I was there at 15:40 and not in a hopeful state of mind, for an hour or two I had been hearing negative news and didn't expect much. There was so much vegetation that the bird could have been in and these birds are hard to catch when at their breeding grounds and where they are vocal, let alone at Beddington Farm! I half halfheartedly walked the public footpath (here I met Roy Weller who reported a probable Raven) before forgetting the idea of trying to pin the bird down and made my way up to the Irrigation Bridge, just after I'd checked the lake which literally looked like a tsunami had just hit it because of the destruction which is apparently in line with the landowner's conservation management plan . . . 3 sides of the lake which were once lined with willows were as flat as a pancake and the main island and main spit looked like a squelchy piece of mud that someone had just stepped in and were now joined together. There were few other birds than Herons, Gulls and Crows to be seen- what a depressing sight (not forgetting the ex-scrape just south of the lake which is completely unrecognisable state; you could be forgiven for mistaking it for a football pitch which has had all it's grass pulled up). Enough ranting.

I managed to get myself into the gully just north of the slope leading up to the Irrigation Bridge in the hope of flushing a Wryneck but this produced nothing and I came out covered with seeds, thorns, cuts and grazes. I crossed the bridge and entered the Shrike Field which links on to the Biker's Field. The only notable birds were one or two Stonechats showing well in the latter field.

From here, I made my way over the 100 Acre bridge (I hate crossing this bridge, it always feels like one of the wooden planks is going to come loose and you will fall onto the railway track below) and gave Jim's Pit a quick check. Here there were 3 or 4 Snipe and perhaps 50 or so Teal with a couple of Lapwings and little else.

Time to go home so I made my way back to Hackbridge train station then walked home from Sutton, a dip, but it was expected really.

Birding in London Sunday 4th October 2009

On the above date I decided to do a bit of birding in London to get a couple of county ticks (more importantly, one was a lifer).

First off was the London Wetland Centre for the Spotted Crake, which, perhaps surprisingly compared to the bird I went for next, was not the lifer, just a London tick. I made my way to the Dulverton Hide, was informed as to the general area that the bird had been seen in (I had just missed it) and proceeded with scanning the bank again and again. An RSPB Wildlife Explorers group came in, and although it was very nice to see the kids were actually very keen on the birds, helping point out commoner birds like Snipe to them and putting up with the constant noise was a bit distracting. I recognised the group leader as someone related to surveys and things at Beddington.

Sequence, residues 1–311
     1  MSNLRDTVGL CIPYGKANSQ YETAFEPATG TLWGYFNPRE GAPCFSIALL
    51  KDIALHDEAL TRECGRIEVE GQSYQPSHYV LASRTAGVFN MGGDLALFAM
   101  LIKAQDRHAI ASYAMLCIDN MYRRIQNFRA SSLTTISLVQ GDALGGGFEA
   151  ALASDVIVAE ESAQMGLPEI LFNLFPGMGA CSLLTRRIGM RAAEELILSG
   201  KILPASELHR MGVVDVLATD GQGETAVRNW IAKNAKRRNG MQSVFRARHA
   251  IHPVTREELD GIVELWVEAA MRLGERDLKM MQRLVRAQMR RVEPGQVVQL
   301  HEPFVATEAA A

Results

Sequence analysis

The persistent scanning payed off with an all to brief glimpse of the Spotted Crake as it scurried along the bank, appearing from behind an island and dashing into a clump of reeds. I shouted the news out to everyone in the hide, but I knew there was no chance that all the kids and birders would connect; this would simply be too quick and elusive for so many people to connect with.

It showed briefly one or two more times, but again it was only me who glimpsed the bird. About 5 minutes after the group left, the bird appeared out of the vegetation and gave good, prolonged views at the water's edge, murphy's law for you! I'd have loved the kids to have seen the bird. Anyway, it showed well for everyone who was in the hide at the time and they enjoyed good views. It disappeared again. It showed once more before I left, this time for a very prolonged period of time and with more people to enjoy the bird. I managed a handful of awful photos and video footage but someone with a proper compact and digiscoping adapter seemed to get better results.

I texted dad to ask if we could pop over to Staines for the Red-necked Grebe as soon as he arrived back at the Wetland Centre from his little excursion and he agreed. I duly hurried over and checked the WWF and Peacock Hides, there was little of note except a handful of Wigeon, 3
Snipe showed very well from the latter hide.


Staines was good. With ease, I connected with the juvenile Red-necked Grebe which was associating with the adult Great Crested Grebes towards the west side of the north basin. This was a very overdue lifer (250 for Britain and something like 267 for West Pal, I don't really keep track of that- of course a London tick as well). In addition, an adult winter Black-necked Grebe gave untold views as it hugged the south edge of the causeway, I managed some pretty good pictures, but as I've said before I can't post these here at the moment because of the lack of software on this laptop. Also seen was a Northern Wheatear, a Grey Wagtail and a couple of Meadow Pipits.

Red-necked Grebe (juvenile)

Today's hit rate: 100% !!!